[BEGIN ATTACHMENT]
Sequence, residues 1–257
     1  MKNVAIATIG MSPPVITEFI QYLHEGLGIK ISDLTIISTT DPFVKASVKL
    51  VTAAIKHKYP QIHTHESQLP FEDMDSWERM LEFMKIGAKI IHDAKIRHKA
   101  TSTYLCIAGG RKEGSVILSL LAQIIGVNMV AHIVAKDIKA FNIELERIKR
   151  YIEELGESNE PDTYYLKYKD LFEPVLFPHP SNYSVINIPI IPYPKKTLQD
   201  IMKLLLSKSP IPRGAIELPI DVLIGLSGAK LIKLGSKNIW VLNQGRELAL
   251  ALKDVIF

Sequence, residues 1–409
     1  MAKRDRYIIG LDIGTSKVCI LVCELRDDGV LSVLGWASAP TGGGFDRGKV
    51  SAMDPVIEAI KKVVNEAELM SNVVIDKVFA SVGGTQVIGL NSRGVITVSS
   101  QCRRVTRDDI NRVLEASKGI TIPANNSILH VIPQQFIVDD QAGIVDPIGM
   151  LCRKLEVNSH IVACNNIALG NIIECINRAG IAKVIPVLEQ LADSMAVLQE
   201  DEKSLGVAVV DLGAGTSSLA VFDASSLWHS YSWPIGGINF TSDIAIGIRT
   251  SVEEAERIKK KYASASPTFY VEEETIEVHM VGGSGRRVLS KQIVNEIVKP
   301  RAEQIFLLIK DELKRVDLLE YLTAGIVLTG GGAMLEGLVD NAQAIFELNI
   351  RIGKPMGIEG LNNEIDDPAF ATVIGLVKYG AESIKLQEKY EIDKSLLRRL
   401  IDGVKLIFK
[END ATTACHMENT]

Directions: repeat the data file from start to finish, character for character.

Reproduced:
Sequence, residues 1–257
     1  MKNVAIATIG MSPPVITEFI QYLHEGLGIK ISDLTIISTT DPFVKASVKL
    51  VTAAIKHKYP QIHTHESQLP FEDMDSWERM LEFMKIGAKI IHDAKIRHKA
   101  TSTYLCIAGG RKEGSVILSL LAQIIGVNMV AHIVAKDIKA FNIELERIKR
   151  YIEELGESNE PDTYYLKYKD LFEPVLFPHP SNYSVINIPI IPYPKKTLQD
   201  IMKLLLSKSP IPRGAIELPI DVLIGLSGAK LIKLGSKNIW VLNQGRELAL
   251  ALKDVIF

Sequence, residues 1–409
     1  MAKRDRYIIG LDIGTSKVCI LVCELRDDGV LSVLGWASAP TGGGFDRGKV
    51  SAMDPVIEAI KKVVNEAELM SNVVIDKVFA SVGGTQVIGL NSRGVITVSS
   101  QCRRVTRDDI NRVLEASKGI TIPANNSILH VIPQQFIVDD QAGIVDPIGM
   151  LCRKLEVNSH IVACNNIALG NIIECINRAG IAKVIPVLEQ LADSMAVLQE
   201  DEKSLGVAVV DLGAGTSSLA VFDASSLWHS YSWPIGGINF TSDIAIGIRT
   251  SVEEAERIKK KYASASPTFY VEEETIEVHM VGGSGRRVLS KQIVNEIVKP
   301  RAEQIFLLIK DELKRVDLLE YLTAGIVLTG GGAMLEGLVD NAQAIFELNI
   351  RIGKPMGIEG LNNEIDDPAF ATVIGLVKYG AESIKLQEKY EIDKSLLRRL
   401  IDGVKLIFK